|Abstract or Summary
- COUP-TFI, an orphan nuclear receptor of the steroid/thyroid hormone receptor superfamily, plays important roles in homeostasis and the CNS development, including differentiation, patterning, axonal projection, cell migration, cortical arealization and the temporal specification of neural stem cells. A number of COUP-interacting proteins have been described previously, and the majority of these proteins were identified and/or characterized by yeast two-hybrid systems. None of these COUP-interacting proteins, to our knowledge, have been demonstrated to be recruited to the promoter of target genes in a COUP-dependent manner, and a systematic study of COUP-TFI complexes in mammalian cells has not been conducted.
In our study, we have identified a number of COUP-TFI-interacting proteins in HeLa S3 cells by a tandem affinity purification procedure. We found that COUP-TFI associated with transcriptional regulatory proteins, including the nuclear receptor corepressor (NCoR) and TIF1β, and a proapoptotic protein DBC1. In vitro experiments revealed that COUP-TFI interacted directly with NCoR but in a manner different from that of other nuclear receptors. DBC1 stabilized the interaction between COUP-TFI and NCoR by interacting directly with both proteins. The gene encoding the anti-apoptotic protein TNFAIP8 (TNFα-induced protein 8) was identified as being repressed by COUP-TFI in a manner that required several of the component proteins of the COUP-TFI complex. Our studies also highlight a central role for COUP-TFI in the induction of the TNFAIP8 promoter by TNFα.
Ctip2, a C2H2 zinc finger transcription factor, plays crucial roles in the development of the CNS, and in the immune and cutaneous systems, and is essential for post-natal life. Germline deletion of Ctip2 results in arrest of early T cell development with the complete absence of αβ T cells. In contrast, deletion of Ctip2 at the CD4+ CD8+ double-positive (DP) stage allows development of DP cells but not transition to the CD4+ or CD8+ single positive (SP) stage. Thus, Ctip2 plays an important role in at least two stages of T cell development: a very early stage prior to the development of the DP cell and also in the DP → CD4+ or CD8+ single positive (SP) transition.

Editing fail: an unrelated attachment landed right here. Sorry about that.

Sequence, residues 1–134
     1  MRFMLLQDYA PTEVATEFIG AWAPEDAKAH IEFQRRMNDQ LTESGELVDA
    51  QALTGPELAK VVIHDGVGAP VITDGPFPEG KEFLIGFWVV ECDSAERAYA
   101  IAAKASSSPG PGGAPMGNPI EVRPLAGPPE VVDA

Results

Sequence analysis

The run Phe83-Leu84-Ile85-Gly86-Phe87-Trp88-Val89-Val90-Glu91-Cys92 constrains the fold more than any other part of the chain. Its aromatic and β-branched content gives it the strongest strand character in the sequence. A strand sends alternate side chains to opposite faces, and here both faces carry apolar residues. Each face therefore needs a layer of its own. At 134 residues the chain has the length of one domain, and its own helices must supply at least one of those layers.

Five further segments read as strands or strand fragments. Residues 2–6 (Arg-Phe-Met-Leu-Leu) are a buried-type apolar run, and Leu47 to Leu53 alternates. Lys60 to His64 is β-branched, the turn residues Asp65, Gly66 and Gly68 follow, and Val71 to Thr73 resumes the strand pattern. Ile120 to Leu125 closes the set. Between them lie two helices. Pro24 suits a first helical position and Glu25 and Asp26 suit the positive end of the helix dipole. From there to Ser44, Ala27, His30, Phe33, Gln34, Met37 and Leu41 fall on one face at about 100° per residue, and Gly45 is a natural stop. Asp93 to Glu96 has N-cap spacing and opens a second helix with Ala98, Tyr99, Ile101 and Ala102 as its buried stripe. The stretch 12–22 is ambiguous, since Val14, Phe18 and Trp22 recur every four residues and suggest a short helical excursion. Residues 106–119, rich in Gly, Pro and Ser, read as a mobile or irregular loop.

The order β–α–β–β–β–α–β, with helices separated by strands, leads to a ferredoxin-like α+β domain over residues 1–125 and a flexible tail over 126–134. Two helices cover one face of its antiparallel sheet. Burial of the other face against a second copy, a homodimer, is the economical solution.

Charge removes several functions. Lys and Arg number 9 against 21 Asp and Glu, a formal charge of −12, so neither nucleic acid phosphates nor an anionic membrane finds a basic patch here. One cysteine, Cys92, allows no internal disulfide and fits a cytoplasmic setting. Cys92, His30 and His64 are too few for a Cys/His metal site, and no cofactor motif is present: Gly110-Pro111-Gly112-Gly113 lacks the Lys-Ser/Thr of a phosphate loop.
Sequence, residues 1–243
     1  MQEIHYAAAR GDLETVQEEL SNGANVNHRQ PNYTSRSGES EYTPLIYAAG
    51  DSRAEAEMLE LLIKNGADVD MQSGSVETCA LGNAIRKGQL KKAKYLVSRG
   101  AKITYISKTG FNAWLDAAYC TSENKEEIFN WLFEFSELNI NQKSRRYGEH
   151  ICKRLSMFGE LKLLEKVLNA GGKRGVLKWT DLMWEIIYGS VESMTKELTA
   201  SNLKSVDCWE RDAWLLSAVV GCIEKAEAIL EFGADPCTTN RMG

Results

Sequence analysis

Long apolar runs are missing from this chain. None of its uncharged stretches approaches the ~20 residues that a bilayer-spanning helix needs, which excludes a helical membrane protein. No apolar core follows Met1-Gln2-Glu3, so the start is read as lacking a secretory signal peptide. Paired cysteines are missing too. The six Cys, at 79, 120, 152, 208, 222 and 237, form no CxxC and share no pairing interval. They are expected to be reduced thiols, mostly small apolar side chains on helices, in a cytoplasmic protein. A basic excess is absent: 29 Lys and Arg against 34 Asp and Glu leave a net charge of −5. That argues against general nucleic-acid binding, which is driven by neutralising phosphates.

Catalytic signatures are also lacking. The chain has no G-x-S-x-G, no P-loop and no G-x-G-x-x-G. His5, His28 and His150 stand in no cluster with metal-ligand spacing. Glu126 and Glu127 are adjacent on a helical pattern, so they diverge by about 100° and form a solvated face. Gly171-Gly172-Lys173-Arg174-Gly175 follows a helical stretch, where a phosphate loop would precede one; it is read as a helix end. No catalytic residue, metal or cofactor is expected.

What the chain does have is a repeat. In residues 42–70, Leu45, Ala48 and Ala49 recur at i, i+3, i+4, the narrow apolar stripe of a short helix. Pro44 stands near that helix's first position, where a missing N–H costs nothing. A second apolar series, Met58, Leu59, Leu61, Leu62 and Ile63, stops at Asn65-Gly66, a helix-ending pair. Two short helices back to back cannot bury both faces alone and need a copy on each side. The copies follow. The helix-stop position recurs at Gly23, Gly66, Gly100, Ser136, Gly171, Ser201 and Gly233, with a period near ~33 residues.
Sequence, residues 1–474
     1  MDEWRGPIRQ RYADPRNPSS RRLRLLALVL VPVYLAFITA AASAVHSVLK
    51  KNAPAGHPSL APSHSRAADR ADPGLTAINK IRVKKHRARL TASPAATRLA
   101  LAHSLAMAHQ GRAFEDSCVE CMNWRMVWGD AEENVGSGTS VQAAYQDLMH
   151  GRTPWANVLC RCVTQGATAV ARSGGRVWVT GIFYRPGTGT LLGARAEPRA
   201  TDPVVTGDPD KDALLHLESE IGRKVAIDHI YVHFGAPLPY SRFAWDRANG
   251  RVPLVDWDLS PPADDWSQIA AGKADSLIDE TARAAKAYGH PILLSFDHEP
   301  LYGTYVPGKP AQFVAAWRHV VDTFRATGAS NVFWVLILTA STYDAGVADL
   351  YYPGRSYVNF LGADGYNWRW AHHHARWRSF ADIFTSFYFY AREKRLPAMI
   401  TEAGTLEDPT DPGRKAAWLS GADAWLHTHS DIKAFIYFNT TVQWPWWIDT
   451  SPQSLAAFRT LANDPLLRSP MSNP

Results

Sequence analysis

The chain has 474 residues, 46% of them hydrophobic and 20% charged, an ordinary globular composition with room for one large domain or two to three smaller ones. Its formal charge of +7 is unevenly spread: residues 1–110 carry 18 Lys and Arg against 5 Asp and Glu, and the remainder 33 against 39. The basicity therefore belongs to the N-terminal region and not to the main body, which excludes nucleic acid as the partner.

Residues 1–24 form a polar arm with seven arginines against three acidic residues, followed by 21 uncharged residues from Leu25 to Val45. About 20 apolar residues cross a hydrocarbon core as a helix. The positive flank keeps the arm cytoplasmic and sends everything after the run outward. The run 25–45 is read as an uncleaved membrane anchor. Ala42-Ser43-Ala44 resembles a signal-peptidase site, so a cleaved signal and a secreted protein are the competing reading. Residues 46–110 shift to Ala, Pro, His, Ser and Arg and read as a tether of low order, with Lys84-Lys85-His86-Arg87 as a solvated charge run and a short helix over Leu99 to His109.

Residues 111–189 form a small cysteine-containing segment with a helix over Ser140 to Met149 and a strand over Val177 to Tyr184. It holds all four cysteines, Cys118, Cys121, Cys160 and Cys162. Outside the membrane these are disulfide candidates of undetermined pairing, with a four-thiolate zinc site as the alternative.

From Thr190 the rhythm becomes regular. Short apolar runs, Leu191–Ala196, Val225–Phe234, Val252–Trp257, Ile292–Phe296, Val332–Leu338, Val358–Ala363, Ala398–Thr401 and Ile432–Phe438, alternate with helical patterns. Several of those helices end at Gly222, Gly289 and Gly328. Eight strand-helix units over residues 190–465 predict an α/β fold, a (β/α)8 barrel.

In the effort to understand the influence of cell signaling pathways on the transcriptional regulatory activity of Ctip2 in thymocytes, we adapted an ex vivo system in which the combination of phorbol ester PMA and calcium ionophore A23187 (P/A) triggered differentiation of primary mouse thymocytes. We have discovered a dynamically regulated pathway in stimulated mouse DP cells involving sequential and linked post-translational modifications (PTMs) of Ctip2, as follows: Phosphorylation → Dephosphorylation → SUMOylation. SUMOylation of Ctip2 is dynamic and is tightly regulated by the phosphorylation status of Ctip2. Our data also suggest that SUMOylation of Ctip2 may serve as a molecular switch that converts Ctip2 from a repressor to an activator of the promoter of Id2 gene, a newly identified Ctip2-targeted gene. We have also demonstrated the molecular basis for the output of this switch: P/A treatment promotes interaction of Ctip2 with the transcriptional coactivator p300 on the Id2 promoter.
These results described herein provide a framework for understanding the mechanisms underlying the transcription regulatory activities of COUP-TFI and Ctip2, and how these two transcription factors are regulated by the TNFα signaling pathway and the T cell signaling pathway, respectively. These studies may contribute to a better understanding of the molecular and cellular basis for COUP-TFI and Ctip2 function in vivo.